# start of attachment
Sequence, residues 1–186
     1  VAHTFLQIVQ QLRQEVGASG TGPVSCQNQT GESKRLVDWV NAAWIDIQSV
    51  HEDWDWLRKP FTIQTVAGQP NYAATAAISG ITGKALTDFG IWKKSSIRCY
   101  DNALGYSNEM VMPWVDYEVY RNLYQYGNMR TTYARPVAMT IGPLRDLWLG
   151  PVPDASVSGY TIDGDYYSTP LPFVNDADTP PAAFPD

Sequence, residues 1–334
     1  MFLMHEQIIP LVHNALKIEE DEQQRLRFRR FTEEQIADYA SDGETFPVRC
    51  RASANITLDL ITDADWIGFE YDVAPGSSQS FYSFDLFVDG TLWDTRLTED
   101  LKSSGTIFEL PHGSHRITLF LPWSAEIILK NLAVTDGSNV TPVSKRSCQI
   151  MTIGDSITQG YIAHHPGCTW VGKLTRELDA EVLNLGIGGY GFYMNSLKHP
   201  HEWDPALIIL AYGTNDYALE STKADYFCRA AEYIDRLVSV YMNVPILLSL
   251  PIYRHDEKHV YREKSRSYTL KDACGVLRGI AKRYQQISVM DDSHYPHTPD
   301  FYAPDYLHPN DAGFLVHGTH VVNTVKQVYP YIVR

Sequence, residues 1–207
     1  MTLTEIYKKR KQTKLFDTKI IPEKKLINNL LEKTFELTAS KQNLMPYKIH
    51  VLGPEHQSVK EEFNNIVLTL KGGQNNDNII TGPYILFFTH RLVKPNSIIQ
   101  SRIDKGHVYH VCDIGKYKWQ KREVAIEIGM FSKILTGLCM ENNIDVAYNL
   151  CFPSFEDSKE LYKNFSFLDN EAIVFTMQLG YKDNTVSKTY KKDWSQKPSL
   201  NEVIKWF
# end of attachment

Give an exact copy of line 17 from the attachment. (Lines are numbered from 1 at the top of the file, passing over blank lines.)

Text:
   101  SRIDKGHVYH VCDIGKYKWQ KREVAIEIGM FSKILTGLCM ENNIDVAYNL